1500 Impact of host plant tissue and growing season on the vector transmission of grapevine leafroll-associated virus 3

Wednesday, December 15, 2010: 8:53 AM
Royal Palm, Salon 2 (Town and Country Hotel and Convention Center)
Chi-Wei Tsai , Department of Entomology, National Taiwan University, Taipei, Taiwan
Kent M. Daane , Department of Environmental Science, Policy and Management, University of California, Berkeley, CA
Rodrigo P. P. Almeida , Dept. of Environmental Science, Policy and Management, Division of Organisms and Environment, University of California, Berkeley, CA
Grapevine leafroll disease is caused by grapevine leafroll-associated viruses (GLRaVs). Within this virus complex, GLRaV-3 is probably the predominant species in the world. GLRaV-3 has been shown to be transmitted from vine to vine by many mealybugs and soft scales. The introduction of the vine mealybug (Planococcus ficus) in California and other regions of the world may result in increasing disease incidence of established GLRaVs. We examined the tissue specificity for GLRaV-3 transmission by P. ficus under greenhouse conditions and monitored the seasonal progress of GLRaV-3 in chronically infected vines in a vineyard using quantitative RT-PCR. Our results indicate that there were no significant differences in transmission rate whether mealybugs acquired or inoculated the virus from different tissues. GLRaV-3 was detected in chronically infected vines during early growing season. In spite of high infection rate at all sampling dates, virus populations within plants increased during the summer. The results suggest that GLRaV-3 may be acquired from vines more efficiently during the summer, independent of vector host tissue preference, although further research is necessary to confirm this hypothesis. In addition, the invasion of P. ficus in California and other regions posts a threat to increase incidence of grapevine leafroll disease.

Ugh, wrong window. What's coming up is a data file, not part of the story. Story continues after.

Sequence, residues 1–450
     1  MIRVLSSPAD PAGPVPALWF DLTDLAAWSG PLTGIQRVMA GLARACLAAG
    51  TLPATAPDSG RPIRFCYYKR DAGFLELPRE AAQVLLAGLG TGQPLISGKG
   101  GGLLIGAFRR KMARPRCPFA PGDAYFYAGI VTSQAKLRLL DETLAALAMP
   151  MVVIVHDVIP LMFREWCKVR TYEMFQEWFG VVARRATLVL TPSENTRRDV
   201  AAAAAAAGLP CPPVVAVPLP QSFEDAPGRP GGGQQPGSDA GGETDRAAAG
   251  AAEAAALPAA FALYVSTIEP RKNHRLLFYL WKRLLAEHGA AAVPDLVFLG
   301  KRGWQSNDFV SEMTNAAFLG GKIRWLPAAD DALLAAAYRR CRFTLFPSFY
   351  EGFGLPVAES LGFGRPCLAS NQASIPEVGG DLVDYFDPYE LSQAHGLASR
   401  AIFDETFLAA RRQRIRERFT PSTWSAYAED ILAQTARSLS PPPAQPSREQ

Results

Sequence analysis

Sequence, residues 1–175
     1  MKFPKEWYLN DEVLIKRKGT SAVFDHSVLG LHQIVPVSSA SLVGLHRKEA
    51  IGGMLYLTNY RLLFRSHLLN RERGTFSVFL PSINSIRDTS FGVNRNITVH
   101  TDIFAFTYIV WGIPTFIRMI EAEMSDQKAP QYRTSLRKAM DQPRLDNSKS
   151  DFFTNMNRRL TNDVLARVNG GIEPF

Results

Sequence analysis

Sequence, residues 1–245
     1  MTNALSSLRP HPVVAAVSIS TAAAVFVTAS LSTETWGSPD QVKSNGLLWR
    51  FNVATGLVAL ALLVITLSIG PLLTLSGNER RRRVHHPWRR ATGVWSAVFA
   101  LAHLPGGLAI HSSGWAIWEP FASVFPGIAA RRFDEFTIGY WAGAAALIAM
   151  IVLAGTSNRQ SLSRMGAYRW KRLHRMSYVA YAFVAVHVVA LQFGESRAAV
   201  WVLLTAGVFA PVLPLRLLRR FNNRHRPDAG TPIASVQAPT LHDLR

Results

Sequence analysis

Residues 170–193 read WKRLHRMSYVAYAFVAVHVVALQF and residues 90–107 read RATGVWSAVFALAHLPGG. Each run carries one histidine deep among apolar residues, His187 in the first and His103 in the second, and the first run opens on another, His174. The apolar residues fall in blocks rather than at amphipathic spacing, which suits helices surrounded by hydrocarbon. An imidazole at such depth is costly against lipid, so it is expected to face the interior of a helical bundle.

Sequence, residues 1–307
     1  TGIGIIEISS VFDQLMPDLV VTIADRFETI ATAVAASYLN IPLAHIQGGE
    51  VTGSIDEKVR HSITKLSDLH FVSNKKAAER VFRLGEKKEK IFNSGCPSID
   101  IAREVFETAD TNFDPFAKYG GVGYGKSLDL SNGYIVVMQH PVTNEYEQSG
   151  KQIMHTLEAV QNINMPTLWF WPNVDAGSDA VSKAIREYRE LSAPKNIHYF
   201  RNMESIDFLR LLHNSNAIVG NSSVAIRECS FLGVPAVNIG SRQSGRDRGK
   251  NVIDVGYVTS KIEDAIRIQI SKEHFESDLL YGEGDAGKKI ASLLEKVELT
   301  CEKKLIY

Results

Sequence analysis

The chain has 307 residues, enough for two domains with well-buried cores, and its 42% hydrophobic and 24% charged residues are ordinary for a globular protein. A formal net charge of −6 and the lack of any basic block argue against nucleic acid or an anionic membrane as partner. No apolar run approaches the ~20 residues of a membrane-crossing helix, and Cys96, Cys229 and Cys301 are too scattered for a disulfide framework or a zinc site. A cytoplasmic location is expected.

doi: 10.1603/ICE.2016.52325